Crocodile Bay Fishing Report
Fishing has been full of surprises lately. Some good, some not so good. I always prefer to get the not so good news out of the way first. Sailfish numbers are down. El Niña has peaked and we are on the downside of it, but the result is cooler water temperatures and sails prefer a little warmer waters. It is predicted that El Niña will be completely finished by late May or mid-June and things will get back to normal.
The good news is other species like marlin and dorado (mahi mahi) thrive in the cooler water. We have been seeing dorado in numbers not normal for this time of year.
Currents have brought in trash lines of all the organic debris flushed out of rivers and the baitfish use it for shelter. The tuna and dorado move in to feed and the marlin are munching them up like popcorn.
Usually, it is July before we see the monster roosterfish move into the rocky haunts like Matapalo Rock and the volcanic reefs on the Pavones side of the gulf. We already caught and released 3 this past month in the 80 lb range and several more that tipped the scale around 50 lbs. We have become accustomed to releasing the big female cubera snapper, most big fish are females, and we released several that were over 30 lbs. A plate size while snapper deep-fried is a treat to anyone who has never tried it, but the big ones are better off in the water making babies.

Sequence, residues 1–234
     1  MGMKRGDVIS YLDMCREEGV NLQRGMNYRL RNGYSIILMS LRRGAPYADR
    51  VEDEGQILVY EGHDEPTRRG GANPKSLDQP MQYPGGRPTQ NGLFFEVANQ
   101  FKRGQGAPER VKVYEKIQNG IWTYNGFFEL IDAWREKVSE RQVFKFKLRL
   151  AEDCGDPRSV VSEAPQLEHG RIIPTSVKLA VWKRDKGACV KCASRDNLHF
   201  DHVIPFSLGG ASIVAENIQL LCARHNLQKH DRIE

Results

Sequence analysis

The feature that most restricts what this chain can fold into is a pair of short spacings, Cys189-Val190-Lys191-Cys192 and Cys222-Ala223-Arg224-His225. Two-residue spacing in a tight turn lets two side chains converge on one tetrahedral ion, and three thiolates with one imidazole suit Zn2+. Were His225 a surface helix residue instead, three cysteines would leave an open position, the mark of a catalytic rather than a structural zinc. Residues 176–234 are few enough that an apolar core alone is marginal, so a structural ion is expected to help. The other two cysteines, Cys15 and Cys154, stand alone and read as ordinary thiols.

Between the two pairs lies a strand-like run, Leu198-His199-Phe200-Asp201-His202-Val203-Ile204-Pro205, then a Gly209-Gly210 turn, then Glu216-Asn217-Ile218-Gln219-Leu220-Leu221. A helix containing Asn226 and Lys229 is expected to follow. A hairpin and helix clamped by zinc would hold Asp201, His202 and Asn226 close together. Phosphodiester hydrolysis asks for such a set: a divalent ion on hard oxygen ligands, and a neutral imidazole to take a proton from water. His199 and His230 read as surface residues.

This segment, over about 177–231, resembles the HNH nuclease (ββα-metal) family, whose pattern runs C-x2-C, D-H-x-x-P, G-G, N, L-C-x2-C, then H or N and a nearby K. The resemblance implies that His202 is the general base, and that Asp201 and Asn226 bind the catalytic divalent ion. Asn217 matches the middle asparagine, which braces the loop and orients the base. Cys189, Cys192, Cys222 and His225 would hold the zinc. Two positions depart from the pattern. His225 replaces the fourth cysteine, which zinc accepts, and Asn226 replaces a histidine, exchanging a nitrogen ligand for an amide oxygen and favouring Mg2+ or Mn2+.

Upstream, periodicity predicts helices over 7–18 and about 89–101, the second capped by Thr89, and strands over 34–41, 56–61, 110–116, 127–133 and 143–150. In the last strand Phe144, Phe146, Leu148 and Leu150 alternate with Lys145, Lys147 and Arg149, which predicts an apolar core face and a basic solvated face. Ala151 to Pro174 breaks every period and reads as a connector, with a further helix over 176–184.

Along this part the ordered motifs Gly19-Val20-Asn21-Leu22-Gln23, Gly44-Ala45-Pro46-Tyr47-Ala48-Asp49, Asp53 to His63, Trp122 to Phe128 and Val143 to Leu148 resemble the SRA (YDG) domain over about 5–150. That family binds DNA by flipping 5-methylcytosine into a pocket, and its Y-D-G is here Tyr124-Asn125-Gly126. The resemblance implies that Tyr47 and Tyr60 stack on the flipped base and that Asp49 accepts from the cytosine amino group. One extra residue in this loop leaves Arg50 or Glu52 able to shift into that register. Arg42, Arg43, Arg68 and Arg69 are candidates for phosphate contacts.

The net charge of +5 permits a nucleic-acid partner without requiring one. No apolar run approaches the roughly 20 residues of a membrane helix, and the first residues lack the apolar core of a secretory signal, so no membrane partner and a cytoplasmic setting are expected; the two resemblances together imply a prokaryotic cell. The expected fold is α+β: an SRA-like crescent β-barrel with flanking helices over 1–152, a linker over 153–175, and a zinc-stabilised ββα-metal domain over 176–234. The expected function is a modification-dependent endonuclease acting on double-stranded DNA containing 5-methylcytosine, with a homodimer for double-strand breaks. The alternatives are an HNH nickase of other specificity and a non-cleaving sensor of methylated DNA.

Crocodile Bay and Conservation
Crocodile Bay has long been a supporter of science and conservation. I would like to remind you of a free App available that keeps you informed of near real-time ocean conditions as well as tides, moon phases, species information, maps of the ocean floor and more. It highlights Costa Rica but covers all of Central America. You can download PezCA for free at the Apple Store, Google Play or www.pezca.org .
PezCa App Images.
Crocodile Bay to Satellite-Tag Marlin
Stanford University has been working on a tagging program to put Satellite tags in Costa Rican marlin and sailfish to learn more about the habits of these magnificent fish. The program started in 2019 and got off to a really good start until COVID threw a wrench in travel logistics for the study.
Crocodile Bay Captains will be working directly with PhD. Marine Scientist Danielle Haulsee via Zoom as to the proper placement of the tags. The Captains are already trained in releasing fish in the best manner possible but at $5000 per tag, proper placement is super important. The fish carries the tag for a pre-programmed period of time until it pops to the surface and transmits important data to a satellite that transmits it to the Haulsee office at Stanford.
Hopefully, the school travel ban will end soon and she can visit us personally.
By Todd Staley
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